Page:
Colonial Pipeline now says it spilled 2 million gallons of gasoline in NC — 31 times greater than original estimates

By: - July 26, 2022 9:15 am
A pie chart showing that equipment failure and corrosion accounted for most of Colonial Pipeline's 32 gasoline spills in North Carolina since 2020.
The Huntersville gasoline spill was Colonial Pipeline’s 32nd accident in North Carolina since 2000. (Graphic: Pipeline and Hazardous Materials Safety Administration)

This story has been updated with further response from Colonial.

Colonial Pipeline has announced it spilled 2 million gallons of gasoline in Huntersville — 31 times greater than original estimates, and now the largest onshore accident in U.S. history.

The spill happened nearly two years ago, on Aug. 14, 2020, in the Oehler Nature Preserve in Huntersville. Colonial initially estimated the amount at 63,000 gallons.

The new disclosure was a requirement of a recent consent order that requires the company to provide an updated estimate of the volume of gasoline released within 30 days. The consent order also requires the company to take specific remedial actions and pay nearly $5 million in penalties and investigative costs.

The Huntersville spill occurred when a broken “Type A sleeve” failed. That sleeve had been installed in 2004. The sleeve was supposed to protect and reinforce a shallow dent in the pipeline, but over time became weakened by corrosion.

 A leak detection system failed to alert the company of the spill, one of a series of failures over the past five years throughout the Southeast. A year ago, the Pipeline and Hazardous Materials Safety Administration (PHMSA) determined that the problems with the pipeline in Huntersville were likely present throughout Colonial’s entire 5,500-mile route.

“As part of holding ourselves accountable, we have applied lessons learned from this event across our operations,” Colonial Pipeline wrote in a prepared statement. “For example, following the event in August 2020, we identified segments of our mainlines with previous repairs similar to the type at Huntersville (called a segmented Type A sleeve) and converted them all to pressure-containing Type B Sleeves.”

However, Colonial did not make these repairs independently. They were required as part of a federal consent order with the PHMSA, which mandated that Colonial inspect its leak detection system and inventory all of its Type A sleeve repairs and determine whether they need replaced. By complying with the federal consent order, Colonial avoided being fined.

Colonial responded on July 27: “While sleeve conversions were indeed part of the consent agreement, Colonial had already initiated a framework, through our Safety Management System, to better understand the incident and apply learnings from it. Well before any regulatory enforcement action, Colonial proactively identified all similar repairs on the mainlines of our pipeline system (both stacked and segmented Type A Sleeves) and converted them all to pressure-containing Type B Sleeves. In all conversions to Type B Sleeves on the mainlines, Colonial did not observe any evidence of product having been released from the pipe.”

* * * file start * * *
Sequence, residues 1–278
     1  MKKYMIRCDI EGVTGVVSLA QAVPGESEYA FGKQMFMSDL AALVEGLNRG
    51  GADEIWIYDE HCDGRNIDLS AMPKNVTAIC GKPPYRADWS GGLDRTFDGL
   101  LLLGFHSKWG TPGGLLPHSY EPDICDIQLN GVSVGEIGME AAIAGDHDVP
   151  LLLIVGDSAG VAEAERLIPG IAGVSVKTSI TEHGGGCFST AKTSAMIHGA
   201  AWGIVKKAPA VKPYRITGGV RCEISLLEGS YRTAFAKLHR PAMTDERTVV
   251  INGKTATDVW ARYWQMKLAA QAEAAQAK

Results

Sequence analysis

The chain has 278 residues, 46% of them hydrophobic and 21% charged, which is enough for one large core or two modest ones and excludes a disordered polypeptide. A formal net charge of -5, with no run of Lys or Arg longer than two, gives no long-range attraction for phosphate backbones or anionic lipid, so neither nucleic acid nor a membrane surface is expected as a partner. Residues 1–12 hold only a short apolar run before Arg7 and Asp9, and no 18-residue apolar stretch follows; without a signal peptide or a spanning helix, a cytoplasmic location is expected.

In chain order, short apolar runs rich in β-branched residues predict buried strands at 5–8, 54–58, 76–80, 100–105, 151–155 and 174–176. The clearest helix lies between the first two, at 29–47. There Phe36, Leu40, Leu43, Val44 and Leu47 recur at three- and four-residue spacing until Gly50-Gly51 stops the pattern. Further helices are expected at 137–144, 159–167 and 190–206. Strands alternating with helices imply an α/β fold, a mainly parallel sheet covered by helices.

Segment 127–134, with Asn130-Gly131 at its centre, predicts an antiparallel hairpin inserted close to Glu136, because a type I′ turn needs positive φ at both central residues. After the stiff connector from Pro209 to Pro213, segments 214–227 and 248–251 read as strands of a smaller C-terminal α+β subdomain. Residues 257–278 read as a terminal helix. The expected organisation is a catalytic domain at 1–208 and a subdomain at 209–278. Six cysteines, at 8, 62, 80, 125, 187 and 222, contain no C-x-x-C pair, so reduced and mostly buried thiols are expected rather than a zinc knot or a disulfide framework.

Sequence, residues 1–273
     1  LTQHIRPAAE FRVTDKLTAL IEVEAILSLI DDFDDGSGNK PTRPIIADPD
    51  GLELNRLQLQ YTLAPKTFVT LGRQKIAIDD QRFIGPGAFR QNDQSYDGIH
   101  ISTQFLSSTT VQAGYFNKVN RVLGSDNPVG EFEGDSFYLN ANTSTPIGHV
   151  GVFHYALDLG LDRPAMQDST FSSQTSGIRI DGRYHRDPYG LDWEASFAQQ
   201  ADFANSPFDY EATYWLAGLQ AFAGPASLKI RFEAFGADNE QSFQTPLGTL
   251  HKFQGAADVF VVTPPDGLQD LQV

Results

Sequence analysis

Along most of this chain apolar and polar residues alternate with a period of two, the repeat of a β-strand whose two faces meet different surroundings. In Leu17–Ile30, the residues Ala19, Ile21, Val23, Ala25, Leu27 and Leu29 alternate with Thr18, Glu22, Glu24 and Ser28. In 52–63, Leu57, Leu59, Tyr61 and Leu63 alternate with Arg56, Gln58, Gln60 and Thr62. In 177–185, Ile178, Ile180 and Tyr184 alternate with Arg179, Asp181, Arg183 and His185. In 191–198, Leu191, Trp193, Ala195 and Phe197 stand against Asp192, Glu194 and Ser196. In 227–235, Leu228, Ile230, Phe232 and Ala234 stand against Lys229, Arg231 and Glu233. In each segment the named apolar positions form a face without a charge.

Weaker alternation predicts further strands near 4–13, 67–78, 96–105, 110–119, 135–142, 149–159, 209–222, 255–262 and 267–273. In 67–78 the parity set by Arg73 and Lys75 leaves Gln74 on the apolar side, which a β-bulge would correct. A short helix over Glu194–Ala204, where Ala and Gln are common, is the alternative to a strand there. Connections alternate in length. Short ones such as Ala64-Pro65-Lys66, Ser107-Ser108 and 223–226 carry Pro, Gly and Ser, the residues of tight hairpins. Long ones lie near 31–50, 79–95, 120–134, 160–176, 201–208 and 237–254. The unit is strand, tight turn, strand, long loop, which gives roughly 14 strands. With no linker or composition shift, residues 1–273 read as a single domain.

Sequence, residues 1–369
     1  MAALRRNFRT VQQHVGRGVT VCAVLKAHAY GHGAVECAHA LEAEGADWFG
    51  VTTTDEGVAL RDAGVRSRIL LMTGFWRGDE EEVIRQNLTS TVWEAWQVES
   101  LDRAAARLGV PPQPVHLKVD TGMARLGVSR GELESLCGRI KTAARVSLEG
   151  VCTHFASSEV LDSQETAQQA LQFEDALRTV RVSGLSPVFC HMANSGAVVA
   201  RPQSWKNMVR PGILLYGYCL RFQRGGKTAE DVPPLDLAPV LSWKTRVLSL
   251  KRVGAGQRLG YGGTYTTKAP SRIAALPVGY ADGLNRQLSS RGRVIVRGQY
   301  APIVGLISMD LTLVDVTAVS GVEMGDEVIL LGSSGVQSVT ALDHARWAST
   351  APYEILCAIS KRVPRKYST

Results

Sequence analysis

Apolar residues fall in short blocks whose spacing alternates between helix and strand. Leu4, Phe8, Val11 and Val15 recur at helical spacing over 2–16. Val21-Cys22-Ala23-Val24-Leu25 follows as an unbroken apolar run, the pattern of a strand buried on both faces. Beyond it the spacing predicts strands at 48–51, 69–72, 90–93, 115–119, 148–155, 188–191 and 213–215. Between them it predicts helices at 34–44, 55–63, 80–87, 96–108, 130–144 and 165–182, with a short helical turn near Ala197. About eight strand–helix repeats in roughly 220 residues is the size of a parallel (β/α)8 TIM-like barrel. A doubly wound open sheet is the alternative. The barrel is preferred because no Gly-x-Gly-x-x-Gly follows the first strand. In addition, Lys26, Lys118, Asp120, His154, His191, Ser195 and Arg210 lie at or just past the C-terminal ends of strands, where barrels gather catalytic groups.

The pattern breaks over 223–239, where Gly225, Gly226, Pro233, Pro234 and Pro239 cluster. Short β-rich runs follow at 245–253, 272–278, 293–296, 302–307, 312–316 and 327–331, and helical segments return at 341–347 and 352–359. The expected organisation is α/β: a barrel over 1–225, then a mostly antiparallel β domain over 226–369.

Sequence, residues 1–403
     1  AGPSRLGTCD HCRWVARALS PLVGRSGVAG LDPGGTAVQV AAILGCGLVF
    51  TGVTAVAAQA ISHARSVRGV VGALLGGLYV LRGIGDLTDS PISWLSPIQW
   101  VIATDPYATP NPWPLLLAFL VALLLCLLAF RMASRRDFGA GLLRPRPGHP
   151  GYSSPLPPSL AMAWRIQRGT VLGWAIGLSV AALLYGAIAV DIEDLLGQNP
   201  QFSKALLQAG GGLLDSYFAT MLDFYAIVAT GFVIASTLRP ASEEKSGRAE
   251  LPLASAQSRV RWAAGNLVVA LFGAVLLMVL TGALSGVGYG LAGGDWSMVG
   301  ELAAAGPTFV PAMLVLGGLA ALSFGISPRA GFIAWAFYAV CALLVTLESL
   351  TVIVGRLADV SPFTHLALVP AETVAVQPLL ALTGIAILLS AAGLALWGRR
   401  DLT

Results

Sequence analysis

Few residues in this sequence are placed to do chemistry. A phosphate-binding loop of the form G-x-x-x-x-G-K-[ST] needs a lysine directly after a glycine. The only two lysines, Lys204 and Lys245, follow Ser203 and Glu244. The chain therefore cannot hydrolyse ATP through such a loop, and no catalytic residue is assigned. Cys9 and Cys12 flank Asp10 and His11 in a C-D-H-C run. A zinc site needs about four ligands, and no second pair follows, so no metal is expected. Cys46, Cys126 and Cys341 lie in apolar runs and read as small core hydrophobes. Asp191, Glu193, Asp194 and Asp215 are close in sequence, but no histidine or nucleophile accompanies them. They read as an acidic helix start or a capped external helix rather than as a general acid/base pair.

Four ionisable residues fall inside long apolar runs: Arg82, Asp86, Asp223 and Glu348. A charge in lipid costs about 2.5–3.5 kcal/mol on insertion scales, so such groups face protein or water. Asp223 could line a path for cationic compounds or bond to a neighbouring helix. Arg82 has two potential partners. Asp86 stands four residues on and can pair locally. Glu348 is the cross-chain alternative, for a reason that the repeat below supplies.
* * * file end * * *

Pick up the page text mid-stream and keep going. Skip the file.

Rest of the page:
The consent order also requires Colonial to begin sampling groundwater by Aug. 7 for five types of PFAS — perfluorinated compounds. As part of its emergency response to the original spill, Colonial Pipeline used a fire suppressant known as F-500 encapsulate to prevent vapors from the gasoline from igniting.

At the time of the accident, “DEQ was told [by Colonial] that the encapsulate used was PFAS-free,” agency spokeswoman Laura Leonard told Policy Watch in a story published last year.

Nonetheless, DEQ asked Colonial to test for PFAS in the suppressant because agency staff were aware of the potential for contamination based on other investigations, as well as the magnitude of the spill, Leonard said. “Out of an abundance of caution, DEQ collected — and directed Colonial to collect— samples of the encapsulate.”

Colonial’s test results of the “mixed” product — fire truck water and the F-500 — showed high levels of PFOSA: 4,810 ppt. Likewise, DEQ’s sampling showed high levels of PFOSA: 5,620 ppt. The water in the fire truck contained levels of the compounds below 1 ppt. It’s possible that residue from the hose or firefighting equipment contained PFAS; a type of firefighting foam, known as AFFF, contains high levels of the compounds.

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Lisa Sorg
Lisa Sorg

Assistant Editor and Environmental Reporter Lisa Sorg helps manage newsroom operations while covering the environment, climate change, agriculture and energy.